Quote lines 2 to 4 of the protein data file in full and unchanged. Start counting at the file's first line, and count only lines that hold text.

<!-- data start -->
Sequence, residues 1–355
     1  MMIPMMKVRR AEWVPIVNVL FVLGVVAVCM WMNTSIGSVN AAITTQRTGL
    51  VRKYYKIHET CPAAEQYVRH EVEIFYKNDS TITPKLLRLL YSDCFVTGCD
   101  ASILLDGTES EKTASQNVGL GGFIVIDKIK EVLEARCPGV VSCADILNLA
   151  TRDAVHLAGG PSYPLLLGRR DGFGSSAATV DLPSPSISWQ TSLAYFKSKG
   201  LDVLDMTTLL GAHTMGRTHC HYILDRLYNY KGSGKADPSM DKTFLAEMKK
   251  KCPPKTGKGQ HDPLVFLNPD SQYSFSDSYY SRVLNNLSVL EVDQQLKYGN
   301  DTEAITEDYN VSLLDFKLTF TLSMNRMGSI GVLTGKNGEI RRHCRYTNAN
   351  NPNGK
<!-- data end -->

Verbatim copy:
     1  MMIPMMKVRR AEWVPIVNVL FVLGVVAVCM WMNTSIGSVN AAITTQRTGL
    51  VRKYYKIHET CPAAEQYVRH EVEIFYKNDS TITPKLLRLL YSDCFVTGCD
   101  ASILLDGTES EKTASQNVGL GGFIVIDKIK EVLEARCPGV VSCADILNLA